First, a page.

Signature of Edward B. Walker Genealogy of Edward B. Walker
1756-1838, Duplin County, North Carolina - Sullivan, Claiborne, Hancock Counties, Tennessee


Finding Edward's Parents and DNA Testing

Common theories of Edward's parentage have been disproved; unfortunately, at the moment, there are no good leads either to his parents or to any siblings. DNA evidence does give some intriguing hints but does not, as yet, provide any answers.

Almost nothing is known of Edward's early life; his only statement in his pension was that he was born in 1756 somewhere in North Carolina; he did not even indicate where in North Carolina he was born. A number of people seem to assume that he was born in Duplin County, where he lived during the Revolution, but as he was 21 years old at the time, he easily could have moved, perhaps several times, before ending up in Duplin County.

The year he gave is consistent with what limited other information is available, such as the broad parameters of the 1830 Census and his stated age in both his own and Andrew McClary's pension; statements for both pensions were made on the same day. No other evidence confirms his birth in North Carolina, however; all but one of his children are believed to have died before the 1880 Census, the first Census to ask about where parents were born. The one daughter still living, Margaret (Walker) Sulfridge, was living on Lone Mountain, and the enumerator wrote "Tennessee" for the birth places of both of her parents; in fact, that particular enumerator does not seem to have actually asked the question as far too many people in his district are listed with Tennessee.

Deed searches in Duplin County have, as yet, turned up nothing to indicate that Edward owned land there or was included in the distribution of someone else's estate. Several surrounding counties have not been searched in detail and may yield clues.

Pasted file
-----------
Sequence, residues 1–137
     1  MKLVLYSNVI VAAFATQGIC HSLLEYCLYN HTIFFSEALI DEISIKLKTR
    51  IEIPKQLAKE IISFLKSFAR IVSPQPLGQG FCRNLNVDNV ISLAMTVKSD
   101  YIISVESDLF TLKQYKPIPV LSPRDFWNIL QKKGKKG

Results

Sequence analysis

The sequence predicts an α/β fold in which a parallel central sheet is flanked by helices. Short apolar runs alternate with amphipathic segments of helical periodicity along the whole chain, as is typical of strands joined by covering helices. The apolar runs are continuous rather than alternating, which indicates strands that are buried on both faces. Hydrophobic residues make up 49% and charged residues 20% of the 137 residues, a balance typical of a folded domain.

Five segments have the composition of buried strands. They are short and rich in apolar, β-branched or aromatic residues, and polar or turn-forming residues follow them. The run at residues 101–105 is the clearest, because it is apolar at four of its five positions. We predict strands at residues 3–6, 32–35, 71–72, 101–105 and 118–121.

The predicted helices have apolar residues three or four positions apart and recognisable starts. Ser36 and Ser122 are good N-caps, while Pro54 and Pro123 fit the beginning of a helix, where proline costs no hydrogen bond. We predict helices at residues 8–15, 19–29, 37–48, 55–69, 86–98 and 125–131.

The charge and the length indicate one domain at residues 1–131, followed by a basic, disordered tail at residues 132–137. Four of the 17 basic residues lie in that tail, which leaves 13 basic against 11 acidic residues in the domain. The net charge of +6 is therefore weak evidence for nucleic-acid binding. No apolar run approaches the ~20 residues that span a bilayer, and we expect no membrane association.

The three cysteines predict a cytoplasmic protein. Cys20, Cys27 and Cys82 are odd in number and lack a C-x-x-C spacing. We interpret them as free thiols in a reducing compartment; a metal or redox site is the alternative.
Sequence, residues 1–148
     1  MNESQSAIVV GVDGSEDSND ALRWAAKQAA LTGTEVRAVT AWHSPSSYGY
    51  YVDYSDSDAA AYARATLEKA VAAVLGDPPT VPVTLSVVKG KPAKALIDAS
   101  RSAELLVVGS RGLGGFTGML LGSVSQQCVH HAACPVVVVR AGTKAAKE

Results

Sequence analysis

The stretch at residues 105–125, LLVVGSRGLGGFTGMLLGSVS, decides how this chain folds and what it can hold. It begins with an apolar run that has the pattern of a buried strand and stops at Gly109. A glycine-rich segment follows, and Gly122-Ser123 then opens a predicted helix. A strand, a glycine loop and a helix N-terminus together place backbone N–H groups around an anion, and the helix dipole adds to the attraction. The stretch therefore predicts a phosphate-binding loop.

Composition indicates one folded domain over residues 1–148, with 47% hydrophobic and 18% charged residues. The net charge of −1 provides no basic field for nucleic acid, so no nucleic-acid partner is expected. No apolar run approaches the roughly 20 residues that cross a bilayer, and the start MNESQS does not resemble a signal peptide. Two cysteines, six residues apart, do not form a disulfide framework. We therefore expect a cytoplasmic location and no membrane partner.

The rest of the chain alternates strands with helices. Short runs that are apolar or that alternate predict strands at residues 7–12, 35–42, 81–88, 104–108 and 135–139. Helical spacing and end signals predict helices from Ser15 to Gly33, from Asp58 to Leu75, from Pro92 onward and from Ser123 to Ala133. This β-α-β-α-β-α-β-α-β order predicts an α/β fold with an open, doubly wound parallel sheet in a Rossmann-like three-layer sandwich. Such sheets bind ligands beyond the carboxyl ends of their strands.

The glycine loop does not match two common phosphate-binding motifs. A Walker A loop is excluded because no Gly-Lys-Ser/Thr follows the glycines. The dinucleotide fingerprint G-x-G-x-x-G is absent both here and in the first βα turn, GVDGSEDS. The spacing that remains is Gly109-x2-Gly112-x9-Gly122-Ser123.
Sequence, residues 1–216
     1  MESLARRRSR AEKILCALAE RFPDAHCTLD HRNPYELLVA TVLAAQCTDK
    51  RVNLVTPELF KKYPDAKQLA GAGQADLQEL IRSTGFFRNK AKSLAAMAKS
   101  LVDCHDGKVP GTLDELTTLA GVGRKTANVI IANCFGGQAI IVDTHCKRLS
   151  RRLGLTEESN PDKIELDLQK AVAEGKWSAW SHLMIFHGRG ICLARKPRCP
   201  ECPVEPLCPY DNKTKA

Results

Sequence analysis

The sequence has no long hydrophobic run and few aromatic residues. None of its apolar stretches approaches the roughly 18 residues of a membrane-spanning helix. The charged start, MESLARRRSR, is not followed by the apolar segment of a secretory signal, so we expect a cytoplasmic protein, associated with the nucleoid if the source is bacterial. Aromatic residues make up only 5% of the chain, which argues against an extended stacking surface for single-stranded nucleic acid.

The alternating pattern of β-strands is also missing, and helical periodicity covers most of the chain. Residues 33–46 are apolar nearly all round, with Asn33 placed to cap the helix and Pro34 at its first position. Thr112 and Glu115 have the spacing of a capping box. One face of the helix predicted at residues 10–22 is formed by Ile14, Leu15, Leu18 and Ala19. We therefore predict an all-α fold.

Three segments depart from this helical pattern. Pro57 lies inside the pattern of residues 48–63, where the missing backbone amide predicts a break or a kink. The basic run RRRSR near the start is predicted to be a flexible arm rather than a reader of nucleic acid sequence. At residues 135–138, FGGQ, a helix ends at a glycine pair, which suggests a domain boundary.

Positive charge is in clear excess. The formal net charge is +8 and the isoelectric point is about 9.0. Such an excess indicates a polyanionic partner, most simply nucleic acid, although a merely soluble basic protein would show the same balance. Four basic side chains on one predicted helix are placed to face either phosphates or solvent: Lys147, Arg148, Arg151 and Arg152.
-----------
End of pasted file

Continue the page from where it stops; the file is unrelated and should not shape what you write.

DNA Research

DNA testing cannot reveal names; instead, it can determine people who share a common ancestor on a direct male line sometime within the past 600 or so years, roughly to around the time that surnames became common in England. It cannot name the ancestor, though, and can only provide some statistical probabilities about how long ago that common ancestor lived.

The hope of anyone getting a test is that his DNA will match a known family line which is documented to an earlier time than his own. For instance, if Edward's DNA matched a line documented to a man born in 1700, we still could not be sure that the man was Edward's ancestor, but we would know that he was related in some fashion and would have a new avenue to search.

Such an early match has not yet turned up on Edward's line, although DNA does suggest close connections to other lines, particularly Samuel Walker of the Edgefield District of South Carolina (link at left), but none of the matched family lines have been traced back to a point where any known ancestor could have been Edward's ancestor, too.